David Lecomte (Australia)
A Ukrainian fan. I visit Ukraine every year
It is a great place.
Much better than the locals think it is.
Great people, who are very friendly, but who don't seem friendly.
Great food that seems not very exciting, but is incredible.
Great coffee, for the same reason the food is so good - because no-one there seems able to accept something that is not done well.
The locals have no idea just how good they are at producing things to eat and drink. Or designing planes, rockets, drones, ships, playing chess, and writing software. They are poor people, yet have an appreciation for education and intelligence that is embarrassing for most of us in the 1st world.
Despite propaganda from Russian-owned scam dating sites, Ukraine is not full of “supermodels” wanting to marry a foreigner.
Obesity is far less common, and in Ukrainian culture, women are likely to take more pride in their appearance than in most countries. Urban women in Ukraine are probably more like the women in Northern Italy, who also tend to take great pride in their appearance. The difference is that Ukrainian women are poor, so will have only 1 or 2 nice dresses instead of 10. And their dresses will be “knock-offs”.
Which brings us to another thing they don't tell you. You can buy almost anything you want in an open-air market. Very cheap. Dont buy in shops.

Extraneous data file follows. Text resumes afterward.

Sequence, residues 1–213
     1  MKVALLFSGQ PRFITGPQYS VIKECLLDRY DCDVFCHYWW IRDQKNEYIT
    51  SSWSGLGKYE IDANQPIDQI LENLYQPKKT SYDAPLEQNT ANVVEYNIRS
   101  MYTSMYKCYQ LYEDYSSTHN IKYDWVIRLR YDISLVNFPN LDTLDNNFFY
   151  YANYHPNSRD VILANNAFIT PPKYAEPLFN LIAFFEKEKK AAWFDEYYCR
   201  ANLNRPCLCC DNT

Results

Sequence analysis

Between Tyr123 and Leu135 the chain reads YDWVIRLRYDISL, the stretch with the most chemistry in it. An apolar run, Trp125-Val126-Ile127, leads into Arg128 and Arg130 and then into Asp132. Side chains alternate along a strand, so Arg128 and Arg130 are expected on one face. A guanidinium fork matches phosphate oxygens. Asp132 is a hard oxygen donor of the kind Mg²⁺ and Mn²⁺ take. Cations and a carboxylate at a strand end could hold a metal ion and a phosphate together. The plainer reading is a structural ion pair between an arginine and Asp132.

Visit as many fresh food markets as you can - they are incredible. Close your eyes when you do and just smell the food, and listen to the noise.
There are two places in the world where it is difficult to buy a bad meal. Northern Italy, and Ukraine.
It is difficult to travel amongst the villages, but it is well worth the effort. I am blessed with friends who have taken me to their village, or to the village of their mother, or their babushka. The villages are poor but they are so “real”. Dogs, geese, chickens, goats, pigs, bountiful vegetable gardens, walnut trees, grapes, many old women, not many men, curious children. Food to die for.
Try and see it before it disappears forever. Young urban Ukrainians tend to be a bit dismissive of all this, and cannot understand why a westerner would find it interesting.
Go to Ukraine. Eat, drink, meet locals, talk, eat, drink, sightsee, eat, drink. Try everything: try Kvaas, their gelati, their pizza (it is perfect - straight from Italy), their chocolateries, walnuts, Vareniki, shashlik, Borscht (you will never eat two Borscht that resemble one another by the way) - the list is endless.
Biggest warning of all - if you come here you will want to come again. If you do, you will become friends with locals, and then, you will become addicted, and come year after year.
David Lecomte (Australia)